Key Senate chair urges U.S. to freeze cooperation with Saudis
Senate Foreign Relations Committee Chairman Robert Menendez called Monday for freezing all U.S. cooperation with Saudi Arabia, delivering one of the strongest expressions yet of U.S. anger over Saudi oil-production cuts that serve to boost Russia in its war in Ukraine.
In a statement, Menendez specifically called for cutting off all arms sales and security cooperation — one of the underpinnings of the more than 70-year U.S. strategic partnership with the oil kingdom — beyond the minimum necessary to defend Americans and American interests.
As committee chairman, Menendez, a New Jersey Democrat, vowed he “will not green-light any cooperation with Riyadh until the Kingdom reassesses its position with respect to the war in Ukraine. Enough is enough.”
His statement comes four days after Saudi Arabia and Russia led OPEC nations in announcing a 2 million-barrel-a-day cut in oil production. The Saudi- and Russian-led cuts help prop up high oil prices that are allowing President Vladimir Putin to keep paying for his eight-month invasion of Ukraine. The production cut also hurts U.S.-led efforts to make the war financially unsustainable for Russia, threatens a global economy already destabilized by the Ukraine conflict, and risks saddling President Biden and Democrats with rising gasoline prices just ahead of U.S. midterms.
Menendez’s announcement Monday places him among a growing number of Democrats who, since the announcement by OPEC nations and Russia, have called for stopping what are billions of dollars in annual U.S. arms sales to Saudi Arabia.
The Democrats accuse Crown Prince Mohammed bin Salman, the kingdom’s de facto ruler, of effectively flouting the Saudi side of a decades-long bargain that has consisted of the U.S. military and defense industry providing security for Saudi Arabia, and Saudi Arabia in turn providing world markets with a reliable flow of oil.
Senate Majority Leader Charles E. Schumer (D-N.Y.) last week was among the Democrats blasting Prince Mohammed for seeming to act in support of Putin’s invasion.
Schumer declared then that lawmakers were looking at legislative options to deal with what he called Saudi Arabia’s “appalling and deeply cynical action.”
Democratic lawmakers within a day of the OPEC move were introducing new legislation to stop U.S. arms sales to the kingdom. Menendez’s action Monday, given his key role shepherding foreign policy legislation, raises the prospect that Congress could act to punish the Saudis during the lame-duck period after the November elections.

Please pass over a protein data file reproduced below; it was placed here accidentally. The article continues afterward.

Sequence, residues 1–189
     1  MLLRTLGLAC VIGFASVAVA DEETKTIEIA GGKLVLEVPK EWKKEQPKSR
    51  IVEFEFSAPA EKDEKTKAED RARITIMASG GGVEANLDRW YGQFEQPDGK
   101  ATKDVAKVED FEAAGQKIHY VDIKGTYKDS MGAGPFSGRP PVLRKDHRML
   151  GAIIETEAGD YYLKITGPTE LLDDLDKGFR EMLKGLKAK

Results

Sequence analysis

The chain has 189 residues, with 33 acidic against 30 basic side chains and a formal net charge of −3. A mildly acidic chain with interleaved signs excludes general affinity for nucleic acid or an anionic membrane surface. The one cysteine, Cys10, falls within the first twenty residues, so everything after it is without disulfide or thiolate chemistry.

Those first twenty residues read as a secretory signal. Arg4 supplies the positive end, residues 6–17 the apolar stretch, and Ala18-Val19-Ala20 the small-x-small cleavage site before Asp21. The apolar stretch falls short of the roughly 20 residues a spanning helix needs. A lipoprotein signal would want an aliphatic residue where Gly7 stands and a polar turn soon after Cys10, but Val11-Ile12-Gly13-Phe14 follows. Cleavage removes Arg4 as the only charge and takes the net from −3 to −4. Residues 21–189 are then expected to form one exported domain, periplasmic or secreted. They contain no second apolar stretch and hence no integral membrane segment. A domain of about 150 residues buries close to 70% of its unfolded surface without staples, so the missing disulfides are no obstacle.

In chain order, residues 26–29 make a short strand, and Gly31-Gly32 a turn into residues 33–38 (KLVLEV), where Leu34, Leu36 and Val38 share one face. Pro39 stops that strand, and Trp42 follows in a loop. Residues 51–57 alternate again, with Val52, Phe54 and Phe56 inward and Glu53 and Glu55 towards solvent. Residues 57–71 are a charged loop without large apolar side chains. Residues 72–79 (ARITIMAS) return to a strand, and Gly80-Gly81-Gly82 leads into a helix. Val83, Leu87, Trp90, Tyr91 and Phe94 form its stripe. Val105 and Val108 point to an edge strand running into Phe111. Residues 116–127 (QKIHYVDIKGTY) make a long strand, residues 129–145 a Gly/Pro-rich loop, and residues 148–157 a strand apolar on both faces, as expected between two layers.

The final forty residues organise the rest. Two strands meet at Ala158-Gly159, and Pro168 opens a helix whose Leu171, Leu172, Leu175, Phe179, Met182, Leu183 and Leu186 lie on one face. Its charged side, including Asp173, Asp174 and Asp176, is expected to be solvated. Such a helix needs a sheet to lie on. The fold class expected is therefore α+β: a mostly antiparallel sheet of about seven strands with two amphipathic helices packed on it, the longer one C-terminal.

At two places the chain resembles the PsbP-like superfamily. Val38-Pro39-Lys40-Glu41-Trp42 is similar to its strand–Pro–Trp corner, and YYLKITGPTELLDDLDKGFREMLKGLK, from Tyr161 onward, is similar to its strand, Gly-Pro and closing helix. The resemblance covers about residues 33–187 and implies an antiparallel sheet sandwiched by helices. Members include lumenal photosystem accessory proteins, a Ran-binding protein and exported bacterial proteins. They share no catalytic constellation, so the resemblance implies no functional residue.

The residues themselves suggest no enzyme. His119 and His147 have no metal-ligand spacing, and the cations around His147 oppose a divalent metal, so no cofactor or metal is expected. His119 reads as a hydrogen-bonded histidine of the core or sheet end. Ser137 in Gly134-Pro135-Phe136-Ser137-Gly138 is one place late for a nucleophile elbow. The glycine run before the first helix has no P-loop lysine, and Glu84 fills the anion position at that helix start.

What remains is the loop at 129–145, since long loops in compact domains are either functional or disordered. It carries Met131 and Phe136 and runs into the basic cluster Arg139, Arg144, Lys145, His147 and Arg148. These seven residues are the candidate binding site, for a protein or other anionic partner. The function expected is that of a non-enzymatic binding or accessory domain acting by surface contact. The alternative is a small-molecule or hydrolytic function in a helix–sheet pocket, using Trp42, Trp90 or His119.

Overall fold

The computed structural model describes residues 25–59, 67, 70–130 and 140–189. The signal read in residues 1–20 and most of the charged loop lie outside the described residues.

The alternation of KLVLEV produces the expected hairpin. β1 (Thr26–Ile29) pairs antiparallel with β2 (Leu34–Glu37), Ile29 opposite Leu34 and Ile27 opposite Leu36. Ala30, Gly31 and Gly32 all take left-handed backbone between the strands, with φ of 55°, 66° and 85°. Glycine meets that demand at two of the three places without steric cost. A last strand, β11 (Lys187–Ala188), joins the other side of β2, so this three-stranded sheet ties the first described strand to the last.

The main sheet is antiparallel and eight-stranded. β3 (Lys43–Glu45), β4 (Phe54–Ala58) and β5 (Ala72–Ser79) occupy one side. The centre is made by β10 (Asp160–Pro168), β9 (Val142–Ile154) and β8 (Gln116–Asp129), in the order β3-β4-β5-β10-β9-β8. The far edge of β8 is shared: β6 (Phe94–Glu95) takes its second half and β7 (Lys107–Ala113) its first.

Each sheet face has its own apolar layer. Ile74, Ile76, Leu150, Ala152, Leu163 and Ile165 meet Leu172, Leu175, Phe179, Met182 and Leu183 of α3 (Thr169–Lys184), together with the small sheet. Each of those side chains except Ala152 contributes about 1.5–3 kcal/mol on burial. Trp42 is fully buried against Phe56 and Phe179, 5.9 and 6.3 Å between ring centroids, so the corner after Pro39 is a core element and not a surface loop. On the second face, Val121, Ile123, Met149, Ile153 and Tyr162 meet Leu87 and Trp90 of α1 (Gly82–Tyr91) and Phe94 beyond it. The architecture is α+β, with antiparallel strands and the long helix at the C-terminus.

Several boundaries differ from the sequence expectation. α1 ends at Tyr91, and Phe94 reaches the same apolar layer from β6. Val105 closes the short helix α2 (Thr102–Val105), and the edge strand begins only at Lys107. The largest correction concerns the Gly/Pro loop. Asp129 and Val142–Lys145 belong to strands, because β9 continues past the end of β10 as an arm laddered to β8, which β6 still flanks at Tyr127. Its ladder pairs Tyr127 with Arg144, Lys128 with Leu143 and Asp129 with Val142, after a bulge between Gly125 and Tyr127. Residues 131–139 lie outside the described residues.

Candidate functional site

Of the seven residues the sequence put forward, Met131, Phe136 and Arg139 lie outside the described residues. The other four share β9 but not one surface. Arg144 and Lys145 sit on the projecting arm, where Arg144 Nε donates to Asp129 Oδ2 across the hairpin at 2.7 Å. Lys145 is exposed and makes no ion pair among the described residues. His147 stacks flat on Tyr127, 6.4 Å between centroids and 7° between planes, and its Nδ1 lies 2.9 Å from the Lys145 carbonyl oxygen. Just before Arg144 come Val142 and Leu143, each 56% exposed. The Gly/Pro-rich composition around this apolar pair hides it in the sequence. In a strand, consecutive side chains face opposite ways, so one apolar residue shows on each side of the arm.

It’s not clear how far Menendez and other Democrats would go in practical terms in cutting off weapons deals and most other cooperation with the Saudis, or whether the Biden administration would go along. Biden said last week he was disappointed with Saudi Arabia’s role in the latest oil production cut and said the administration was looking at options.
There was no immediate reaction from the White House on Monday to Menendez’s move.
Last week’s oil production cuts delivered one of the sharpest yet in a series of blows in the U.S. and Saudi relationship. They include the 2018 Saudi killing of a U.S.-based journalist, Jamal Khashoggi, in which the U.S. intelligence community concluded the crown prince played a key role. Americans also fault the crown prince for refusing to join in U.S.-led efforts to isolate and punish Putin for his February invasion of Ukraine, and for maintaining seemingly friendly relations with Putin.
“There simply is no room to play both sides of this conflict — either you support the rest of the free world in trying to stop a war criminal from violently wiping off an entire country off of the map, or you support him,” Menendez said in his statement. “The Kingdom of Saudi Arabia chose the latter in a terrible decision driven by economic self-interest.”
Biden had sought to patch relations with Prince Mohammed, traveling to Saudi Arabia in July to deliver an awkward fist bump in a conciliatory gesture.
Aamer Madhani contributed from Washington.
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